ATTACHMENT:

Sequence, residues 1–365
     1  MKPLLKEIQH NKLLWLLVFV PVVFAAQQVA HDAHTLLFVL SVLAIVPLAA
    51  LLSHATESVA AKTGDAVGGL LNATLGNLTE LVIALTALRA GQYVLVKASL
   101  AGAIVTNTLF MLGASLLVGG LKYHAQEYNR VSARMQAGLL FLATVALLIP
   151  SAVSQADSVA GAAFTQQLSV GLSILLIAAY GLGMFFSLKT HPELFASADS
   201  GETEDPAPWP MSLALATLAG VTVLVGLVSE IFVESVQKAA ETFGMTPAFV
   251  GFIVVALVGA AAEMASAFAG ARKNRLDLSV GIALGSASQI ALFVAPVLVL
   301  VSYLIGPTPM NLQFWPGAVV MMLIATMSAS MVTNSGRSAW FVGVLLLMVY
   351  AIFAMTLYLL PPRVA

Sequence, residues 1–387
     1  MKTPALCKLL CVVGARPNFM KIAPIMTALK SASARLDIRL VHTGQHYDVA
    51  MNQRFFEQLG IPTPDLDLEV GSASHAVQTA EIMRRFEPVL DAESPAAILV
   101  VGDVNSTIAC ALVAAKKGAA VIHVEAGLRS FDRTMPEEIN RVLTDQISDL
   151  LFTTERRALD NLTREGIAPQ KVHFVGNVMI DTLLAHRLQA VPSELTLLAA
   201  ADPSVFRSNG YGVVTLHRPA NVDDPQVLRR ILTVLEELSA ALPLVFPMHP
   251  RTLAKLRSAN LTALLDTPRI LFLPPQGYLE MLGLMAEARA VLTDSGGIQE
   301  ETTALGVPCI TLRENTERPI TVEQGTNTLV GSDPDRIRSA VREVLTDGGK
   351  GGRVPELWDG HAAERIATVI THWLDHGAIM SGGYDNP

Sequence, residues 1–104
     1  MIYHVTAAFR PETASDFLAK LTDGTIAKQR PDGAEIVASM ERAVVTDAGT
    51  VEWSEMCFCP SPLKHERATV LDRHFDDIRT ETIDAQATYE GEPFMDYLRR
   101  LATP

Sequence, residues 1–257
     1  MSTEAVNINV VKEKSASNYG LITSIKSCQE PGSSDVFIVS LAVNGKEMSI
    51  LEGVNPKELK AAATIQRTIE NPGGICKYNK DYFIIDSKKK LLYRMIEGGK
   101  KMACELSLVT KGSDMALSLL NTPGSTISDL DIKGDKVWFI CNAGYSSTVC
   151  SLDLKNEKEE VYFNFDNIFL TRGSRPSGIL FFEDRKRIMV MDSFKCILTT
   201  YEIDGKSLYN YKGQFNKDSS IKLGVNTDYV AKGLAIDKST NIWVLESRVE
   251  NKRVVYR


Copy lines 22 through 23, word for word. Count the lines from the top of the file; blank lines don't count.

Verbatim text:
   101  LATP

Sequence, residues 1–257